So thanks to Cinder Roxley and David Rowe i finally got my first taste of Oculus VR in Second Life on a Mac using the CtrlAltStudio viewer

And what a wonderful experience it is. I say this even though i threw up this morning from using it. CtrlAltStudio gives us the bare bones of Oculus Integration and throws up all the problems and issues i expect Linden Lab is currently working out behind closed doors. I must point out that the CntrlAltStudio Viewer has added it’s own Oculus compatibility and does not represent what Linden Lab may release in future.

Screen-Shot-2013-09-16-at-15.14.23Convincing the brain

Until i got to try this out for myself the main concern had been UI, interacting with SL’s many options , inventory, communication, how do we do all that with Oculus on our heads. Now though i feel movement, our view and keeping the immersion in SL is the more important concern of Oculus.

Lag is still the enemy, even more so with Oculus, Busy environment leads to lag, lag leads to Latency issues, latency issues lead to Brain questioning the validity of the environment it thinks it’s in and Brain questioning the validity of the environment it thinks it’s in leads to puking.

There are other things too that can lead the brain to think WTF and thats uncharacteristic movement or movement the brain was not expecting.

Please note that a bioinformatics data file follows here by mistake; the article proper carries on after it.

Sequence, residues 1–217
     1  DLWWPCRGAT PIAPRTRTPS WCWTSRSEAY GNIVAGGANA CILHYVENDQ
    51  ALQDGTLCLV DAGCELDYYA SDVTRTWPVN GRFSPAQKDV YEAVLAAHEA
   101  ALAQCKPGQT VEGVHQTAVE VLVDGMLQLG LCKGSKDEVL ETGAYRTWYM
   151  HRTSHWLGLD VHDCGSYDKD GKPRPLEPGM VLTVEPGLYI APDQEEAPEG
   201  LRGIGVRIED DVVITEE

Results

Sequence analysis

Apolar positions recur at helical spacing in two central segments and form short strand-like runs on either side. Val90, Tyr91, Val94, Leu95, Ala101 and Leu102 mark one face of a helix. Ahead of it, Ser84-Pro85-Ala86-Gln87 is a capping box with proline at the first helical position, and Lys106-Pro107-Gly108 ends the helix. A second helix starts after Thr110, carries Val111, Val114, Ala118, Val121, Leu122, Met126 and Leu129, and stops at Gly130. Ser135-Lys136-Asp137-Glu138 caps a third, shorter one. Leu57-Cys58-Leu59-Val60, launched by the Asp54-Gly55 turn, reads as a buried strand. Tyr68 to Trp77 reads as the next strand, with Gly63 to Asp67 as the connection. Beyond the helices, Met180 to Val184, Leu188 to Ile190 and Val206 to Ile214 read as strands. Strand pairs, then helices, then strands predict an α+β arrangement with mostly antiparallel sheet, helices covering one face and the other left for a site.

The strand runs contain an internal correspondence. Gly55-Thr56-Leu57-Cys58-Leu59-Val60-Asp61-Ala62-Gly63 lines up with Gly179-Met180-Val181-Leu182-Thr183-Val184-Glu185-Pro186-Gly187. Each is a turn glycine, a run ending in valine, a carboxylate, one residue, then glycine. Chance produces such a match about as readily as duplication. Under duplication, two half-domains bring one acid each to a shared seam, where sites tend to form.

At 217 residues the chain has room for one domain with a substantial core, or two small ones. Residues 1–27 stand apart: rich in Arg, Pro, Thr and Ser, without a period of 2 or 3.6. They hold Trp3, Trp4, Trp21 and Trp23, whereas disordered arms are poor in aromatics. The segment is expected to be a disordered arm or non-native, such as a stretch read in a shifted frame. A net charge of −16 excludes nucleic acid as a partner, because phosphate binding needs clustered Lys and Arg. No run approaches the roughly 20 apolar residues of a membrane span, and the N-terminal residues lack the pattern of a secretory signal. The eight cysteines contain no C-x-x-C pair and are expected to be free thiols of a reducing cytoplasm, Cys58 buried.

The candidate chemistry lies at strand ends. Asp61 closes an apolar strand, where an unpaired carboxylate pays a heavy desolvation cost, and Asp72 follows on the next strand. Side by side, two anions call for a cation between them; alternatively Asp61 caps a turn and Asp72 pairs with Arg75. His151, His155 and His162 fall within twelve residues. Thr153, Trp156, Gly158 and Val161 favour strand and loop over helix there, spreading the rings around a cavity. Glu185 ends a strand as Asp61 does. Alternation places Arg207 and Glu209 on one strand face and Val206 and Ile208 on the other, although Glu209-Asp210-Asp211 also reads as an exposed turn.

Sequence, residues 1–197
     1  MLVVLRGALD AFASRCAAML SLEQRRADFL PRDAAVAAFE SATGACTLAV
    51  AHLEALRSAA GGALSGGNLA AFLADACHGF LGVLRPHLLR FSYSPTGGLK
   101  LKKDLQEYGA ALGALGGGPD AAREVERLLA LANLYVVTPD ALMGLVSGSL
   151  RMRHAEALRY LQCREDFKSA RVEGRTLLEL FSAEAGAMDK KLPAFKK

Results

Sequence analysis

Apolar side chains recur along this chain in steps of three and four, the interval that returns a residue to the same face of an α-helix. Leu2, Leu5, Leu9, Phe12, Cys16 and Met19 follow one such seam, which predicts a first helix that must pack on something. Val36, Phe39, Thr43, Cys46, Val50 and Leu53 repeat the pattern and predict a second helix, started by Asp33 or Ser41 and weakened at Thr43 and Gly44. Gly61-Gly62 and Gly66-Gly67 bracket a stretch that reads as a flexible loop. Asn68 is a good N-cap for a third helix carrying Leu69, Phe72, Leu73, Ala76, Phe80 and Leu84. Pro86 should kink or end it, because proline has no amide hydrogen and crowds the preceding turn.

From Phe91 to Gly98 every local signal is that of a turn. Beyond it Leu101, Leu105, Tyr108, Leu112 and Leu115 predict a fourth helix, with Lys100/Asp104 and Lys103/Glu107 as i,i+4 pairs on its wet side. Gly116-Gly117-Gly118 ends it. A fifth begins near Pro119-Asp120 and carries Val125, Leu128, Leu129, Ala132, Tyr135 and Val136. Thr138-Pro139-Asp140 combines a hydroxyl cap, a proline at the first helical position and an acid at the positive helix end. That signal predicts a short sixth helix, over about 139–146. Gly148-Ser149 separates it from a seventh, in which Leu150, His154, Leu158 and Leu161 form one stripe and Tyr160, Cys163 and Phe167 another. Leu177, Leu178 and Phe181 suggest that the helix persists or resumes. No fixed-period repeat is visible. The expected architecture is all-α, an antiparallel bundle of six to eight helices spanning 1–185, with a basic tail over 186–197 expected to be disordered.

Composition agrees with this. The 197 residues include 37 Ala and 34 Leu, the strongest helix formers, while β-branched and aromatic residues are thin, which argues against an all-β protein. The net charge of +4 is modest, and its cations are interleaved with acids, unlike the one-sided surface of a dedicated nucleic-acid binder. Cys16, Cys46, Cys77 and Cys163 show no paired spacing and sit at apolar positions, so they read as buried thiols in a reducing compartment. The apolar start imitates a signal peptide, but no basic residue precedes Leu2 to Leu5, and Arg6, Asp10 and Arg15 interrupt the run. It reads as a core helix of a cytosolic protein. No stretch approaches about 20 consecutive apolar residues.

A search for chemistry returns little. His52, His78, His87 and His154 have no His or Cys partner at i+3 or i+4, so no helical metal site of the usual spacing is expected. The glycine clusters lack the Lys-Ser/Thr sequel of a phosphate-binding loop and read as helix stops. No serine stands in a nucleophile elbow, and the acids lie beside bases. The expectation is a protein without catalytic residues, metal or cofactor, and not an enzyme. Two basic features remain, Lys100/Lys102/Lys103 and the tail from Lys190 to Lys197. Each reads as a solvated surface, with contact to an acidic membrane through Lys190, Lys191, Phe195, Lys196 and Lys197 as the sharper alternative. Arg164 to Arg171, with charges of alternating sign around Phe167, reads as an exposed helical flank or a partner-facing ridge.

The most popular questions the brain will ask before communicating to stomach to throw up.

• Are we moving?

• Are we not moving?

• I can’t bend that way?

• How did you change the laws of physics?

CtrlAltStudio i think uses controls  already in the SL viewer and as such sometimes your head will suddenly rotate in a way that would represent whiplash or having your head fall off. The combination of moving your head and using the mouse for viewing direction i think causes an issue where when you look down the viewer can’t decide which direction you are facing and spins you out.

Playing around with CtrlAltStudio shows that Linden Lab can’t just simply Add Oculus support, that they would need to create an entirely new viewing experience and not just forcing people into mouse view. I expect Linden Lab to take as long as they need and don’t expect anything out this year.

Thanks again to the CtrlAltStudio team for giving us a taste of Oculus in Second Life with which we can get a sense of what works and does not work.